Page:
May 15
On Sunday, 15 May 2022 at 06:18:58 UTC, forkit wrote:
>
> Also, operating systems of the (near) future will require safety guarantees from the software that is intended to run on that operating system. C is not a language that facilitates this.
>

Um, no that will not happen, ever. The safety guarantee of modern operating systems is and will be the MMU. Relying on "safe" software will never be enough. There have been attempts using safe intermediary languages like Microsoft Singularity but don't expect this ever to be a commercial operating system. The MMU is here to stay.
May 15
On Sunday, 15 May 2022 at 12:28:54 UTC, zjh wrote:
> On Sunday, 15 May 2022 at 11:25:47 UTC, H. S. Teoh wrote:
>
> He has been talking nonsense .Just ignore him.

Shame on you.

Just because this is an online forum, and we're not sitting around a table together, you think that is ok?

Please try raising your point-of-view (whatever that is) to an appropriate intellectual level.
May 15
On Sunday, 15 May 2022 at 18:47:22 UTC, IGotD- wrote:
> On Sunday, 15 May 2022 at 06:18:58 UTC, forkit wrote:
>>
>> Also, operating systems of the (near) future will require safety guarantees from the software that is intended to run on that operating system. C is not a language that facilitates this.
>>
>
> Um, no that will not happen, ever. The safety guarantee of modern operating systems is and will be the MMU. Relying on "safe" software will never be enough. There have been attempts using safe intermediary languages like Microsoft Singularity but don't expect this ever to be a commercial operating system. The MMU is here to stay.

I don't think the choice of language is going to make much difference but I'd be surprised if Apple don't do something along these lines in the future. They already scan and analyse applications relatively aggressive for mobile and to an extent for MacOS too.
May 15
On 5/14/22 23:18, forkit wrote:

> developers have
> a wider obligation that just stitching together software so that it works.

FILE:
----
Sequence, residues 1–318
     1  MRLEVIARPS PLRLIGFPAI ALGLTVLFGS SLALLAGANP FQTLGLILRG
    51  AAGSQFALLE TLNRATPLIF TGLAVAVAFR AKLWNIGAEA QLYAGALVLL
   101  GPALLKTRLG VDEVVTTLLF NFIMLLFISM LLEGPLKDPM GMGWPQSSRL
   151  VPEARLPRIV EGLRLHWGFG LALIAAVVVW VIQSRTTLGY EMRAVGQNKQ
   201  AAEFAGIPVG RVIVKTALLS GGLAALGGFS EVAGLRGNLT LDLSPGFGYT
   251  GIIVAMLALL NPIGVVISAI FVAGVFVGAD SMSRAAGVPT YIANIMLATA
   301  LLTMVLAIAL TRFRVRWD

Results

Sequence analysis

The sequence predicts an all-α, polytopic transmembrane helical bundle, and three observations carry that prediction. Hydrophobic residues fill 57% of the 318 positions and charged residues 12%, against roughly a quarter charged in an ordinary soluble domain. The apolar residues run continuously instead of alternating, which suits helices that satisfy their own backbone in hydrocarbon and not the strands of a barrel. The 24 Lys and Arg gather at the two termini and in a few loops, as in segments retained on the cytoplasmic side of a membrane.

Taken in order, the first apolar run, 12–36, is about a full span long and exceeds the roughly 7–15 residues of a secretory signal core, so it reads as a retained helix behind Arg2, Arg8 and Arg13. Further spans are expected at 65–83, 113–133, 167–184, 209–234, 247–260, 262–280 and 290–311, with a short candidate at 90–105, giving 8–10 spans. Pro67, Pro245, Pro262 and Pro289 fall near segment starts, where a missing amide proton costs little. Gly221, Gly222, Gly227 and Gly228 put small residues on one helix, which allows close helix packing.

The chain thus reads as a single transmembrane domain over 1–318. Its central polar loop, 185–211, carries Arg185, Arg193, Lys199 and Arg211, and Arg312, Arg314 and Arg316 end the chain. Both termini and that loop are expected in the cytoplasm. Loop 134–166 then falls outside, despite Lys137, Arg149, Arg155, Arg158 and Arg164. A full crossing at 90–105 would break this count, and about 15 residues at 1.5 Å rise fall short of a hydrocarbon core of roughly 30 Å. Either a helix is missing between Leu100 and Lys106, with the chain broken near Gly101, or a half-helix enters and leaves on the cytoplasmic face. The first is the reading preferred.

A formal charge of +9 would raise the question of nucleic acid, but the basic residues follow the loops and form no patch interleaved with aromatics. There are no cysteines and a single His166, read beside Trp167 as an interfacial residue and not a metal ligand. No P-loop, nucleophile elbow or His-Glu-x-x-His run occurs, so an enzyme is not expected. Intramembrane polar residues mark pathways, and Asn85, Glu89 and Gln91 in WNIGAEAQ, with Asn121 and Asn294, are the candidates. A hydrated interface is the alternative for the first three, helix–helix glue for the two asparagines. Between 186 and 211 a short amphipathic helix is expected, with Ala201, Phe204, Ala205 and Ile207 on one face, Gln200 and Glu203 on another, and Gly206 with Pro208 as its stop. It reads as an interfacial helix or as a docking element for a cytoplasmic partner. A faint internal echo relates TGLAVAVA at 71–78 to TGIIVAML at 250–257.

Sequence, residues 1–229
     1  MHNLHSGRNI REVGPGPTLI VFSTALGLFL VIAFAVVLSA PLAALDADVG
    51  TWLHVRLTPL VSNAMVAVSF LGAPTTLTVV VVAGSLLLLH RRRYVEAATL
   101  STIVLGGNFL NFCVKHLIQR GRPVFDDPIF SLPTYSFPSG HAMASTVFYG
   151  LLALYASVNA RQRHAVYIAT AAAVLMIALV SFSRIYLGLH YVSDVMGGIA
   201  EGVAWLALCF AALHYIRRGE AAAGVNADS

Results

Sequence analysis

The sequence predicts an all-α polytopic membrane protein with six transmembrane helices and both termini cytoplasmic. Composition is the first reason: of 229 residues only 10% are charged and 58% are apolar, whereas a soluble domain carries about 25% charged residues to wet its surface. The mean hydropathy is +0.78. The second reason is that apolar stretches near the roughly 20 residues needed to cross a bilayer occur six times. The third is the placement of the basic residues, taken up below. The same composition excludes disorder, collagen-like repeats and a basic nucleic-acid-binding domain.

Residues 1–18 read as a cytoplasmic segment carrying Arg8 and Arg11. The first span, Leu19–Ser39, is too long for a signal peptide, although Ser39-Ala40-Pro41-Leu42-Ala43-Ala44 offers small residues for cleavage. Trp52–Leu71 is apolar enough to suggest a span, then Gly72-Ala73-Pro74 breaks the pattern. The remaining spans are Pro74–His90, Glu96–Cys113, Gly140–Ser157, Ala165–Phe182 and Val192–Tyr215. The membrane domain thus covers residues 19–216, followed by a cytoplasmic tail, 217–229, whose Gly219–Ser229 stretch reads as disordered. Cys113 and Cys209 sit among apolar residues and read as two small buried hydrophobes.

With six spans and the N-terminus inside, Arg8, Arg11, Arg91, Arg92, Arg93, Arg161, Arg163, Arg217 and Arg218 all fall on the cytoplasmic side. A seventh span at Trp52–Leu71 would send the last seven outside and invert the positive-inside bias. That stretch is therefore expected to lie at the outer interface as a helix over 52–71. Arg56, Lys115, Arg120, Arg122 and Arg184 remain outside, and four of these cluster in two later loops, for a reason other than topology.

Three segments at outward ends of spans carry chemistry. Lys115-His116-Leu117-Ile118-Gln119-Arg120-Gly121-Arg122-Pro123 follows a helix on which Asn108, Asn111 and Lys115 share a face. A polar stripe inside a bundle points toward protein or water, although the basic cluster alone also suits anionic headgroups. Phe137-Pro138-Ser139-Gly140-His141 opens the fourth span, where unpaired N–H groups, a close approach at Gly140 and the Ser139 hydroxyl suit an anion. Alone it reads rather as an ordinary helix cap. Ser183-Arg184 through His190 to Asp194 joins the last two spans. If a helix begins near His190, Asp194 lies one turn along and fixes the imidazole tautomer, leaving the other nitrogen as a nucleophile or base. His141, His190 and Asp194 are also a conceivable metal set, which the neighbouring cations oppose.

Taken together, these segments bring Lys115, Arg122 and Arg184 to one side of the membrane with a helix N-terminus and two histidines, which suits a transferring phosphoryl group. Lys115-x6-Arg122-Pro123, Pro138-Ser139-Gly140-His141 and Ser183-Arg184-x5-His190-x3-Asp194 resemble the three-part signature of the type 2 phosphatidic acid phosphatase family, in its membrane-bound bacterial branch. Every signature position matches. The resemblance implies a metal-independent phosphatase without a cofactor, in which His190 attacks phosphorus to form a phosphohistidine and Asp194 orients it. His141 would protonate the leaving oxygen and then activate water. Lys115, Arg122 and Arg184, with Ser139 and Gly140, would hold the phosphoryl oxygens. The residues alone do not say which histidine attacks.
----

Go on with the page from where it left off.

Wider than their salaries? Employers needs developers and developers work for money. In the end it just works out.

> Structured higher-level languages is where we need to be moving towards,

Ok.

> not moving backwards to low-level languages like C.

I am never moving to C. I don't think anybody should be using C ever.

> I understand the appeal of making it easier to use C libraries in a
> otherwise D solution.

Me too! :) I think you think easier access to C libraries is wrong. I disagree.

Besides, I think we've been using the wrong term here: ImportC allows using libraries with C interfaces easier. The implementation could have been any language. But that's beside the point. If there is a library with a C interface that solves a company's problem then they will use that library.

> But ImportC is short-sighted in my opinion, and is a step in the
> opposite direction.
>
> The focus should instead be on @safe, not C.

An open source community allows (should allow?) individuals to spend their energy on any topic that they want. Some will work on ImportC, others (which apparently includes you) will work on @safe.

Ali

May 15
On Sunday, 15 May 2022 at 18:47:22 UTC, IGotD- wrote:
>
> Um, no that will not happen, ever. The safety guarantee of modern operating systems is and will be the MMU. Relying on "safe" software will never be enough. There have been attempts using safe intermediary languages like Microsoft Singularity but don't expect this ever to be a commercial operating system. The MMU is here to stay.

Relying on safe software alone, is not what I said.

But modern architectures do not provide a 'safe' operating environment either.